Saturday, 6 August 2016

A train set and a brave new world

Now they were made of tin, often had features painted on and by later standards were pretty simple, but the train sets of the 1950s were and remain pure pieces of magic.

Ours stretched over a converted table tennis table and dad had run all the wires for the signals and points underneath and with something like three circular tracks,  branch lines off as well as rail sidings it was impressive.

We or I should say dad had built it up over a few years and the sheer size of the layout, the locomotives and carriages, fright trucks, stations and trackside furniture made it something that even now I look back with pleasure.

I am guessing that the first bits of the train sets were laid out around my seventh birthday which would make it just a decade after the end of the last world war when rationing was still a strong memory and the scars of the nightly air raids were still all around us.

But the evidence of a growing prosperity which was trickling down even to our family was there for all to see.

Around the same time we got our first television and Dad was driving coaches on main land Europe for those who wanted the sort of holiday that they could not have aspired to in pre war Britain.

There was full employment a National Health Service, free at the point of need and the beginning of an ambitious programme to rebuild our schools.

Of course there was also the hardening of the Cold War, a series of colonial conflicts and much that still made Britain seem a stuffy place compared to a decade later and yet looking back now there was a lot that was new, innovative and exciting.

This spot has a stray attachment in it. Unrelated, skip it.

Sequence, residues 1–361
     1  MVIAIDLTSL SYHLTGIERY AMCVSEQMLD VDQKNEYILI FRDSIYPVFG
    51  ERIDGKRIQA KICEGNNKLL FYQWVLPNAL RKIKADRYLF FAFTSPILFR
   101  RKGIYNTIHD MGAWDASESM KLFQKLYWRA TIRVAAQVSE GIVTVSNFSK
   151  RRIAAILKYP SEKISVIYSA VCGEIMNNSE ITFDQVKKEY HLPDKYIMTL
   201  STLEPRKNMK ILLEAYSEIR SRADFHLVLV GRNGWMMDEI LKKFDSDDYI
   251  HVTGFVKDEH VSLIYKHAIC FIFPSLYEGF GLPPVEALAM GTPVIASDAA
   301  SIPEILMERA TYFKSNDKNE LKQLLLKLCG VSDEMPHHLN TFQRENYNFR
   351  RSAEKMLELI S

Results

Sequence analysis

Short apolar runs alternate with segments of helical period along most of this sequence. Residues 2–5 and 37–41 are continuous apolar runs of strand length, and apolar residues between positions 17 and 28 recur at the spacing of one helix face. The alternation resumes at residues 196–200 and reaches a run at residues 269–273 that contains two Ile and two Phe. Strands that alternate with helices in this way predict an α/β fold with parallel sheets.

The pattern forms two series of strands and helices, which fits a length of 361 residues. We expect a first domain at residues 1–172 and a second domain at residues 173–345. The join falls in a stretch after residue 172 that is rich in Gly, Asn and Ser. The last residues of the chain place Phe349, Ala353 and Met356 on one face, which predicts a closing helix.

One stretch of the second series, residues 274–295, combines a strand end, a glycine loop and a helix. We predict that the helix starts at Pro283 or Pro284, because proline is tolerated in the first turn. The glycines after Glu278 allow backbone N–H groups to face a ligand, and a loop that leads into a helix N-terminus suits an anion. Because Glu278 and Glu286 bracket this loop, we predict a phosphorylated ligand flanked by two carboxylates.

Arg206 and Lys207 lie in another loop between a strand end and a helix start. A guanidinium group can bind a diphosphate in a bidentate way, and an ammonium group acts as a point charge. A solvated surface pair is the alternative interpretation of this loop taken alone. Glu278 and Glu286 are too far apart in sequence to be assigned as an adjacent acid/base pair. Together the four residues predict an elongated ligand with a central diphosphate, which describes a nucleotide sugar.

I didn’t see it at the time but I rather think my parents felt that confidence that the post war prosperity was here to stay and the Means Test, and the lines of the unemployed were over.

Dad had moved to London in the late 1920s and mum twenty years later and both would have benefited from an economy which was on the move recovering far more quickly from the Depression than the North East and the Midlands where they had grown up.

And by the 1950s a train set, a television, and before the end of that decade a washing machine and fridge were all things we took for granted in our house.

All of which makes that train set a marker for how Britain was changing

By the 1970s into the 80s  for some that prosperity and automatic access to consumerism would start to be eroded, but that was a long way from me as I ran the Duchess of Montrose with its red and yellow carriages around the old table tennis table.

Pictures; courtesy of Ken Jaggers,

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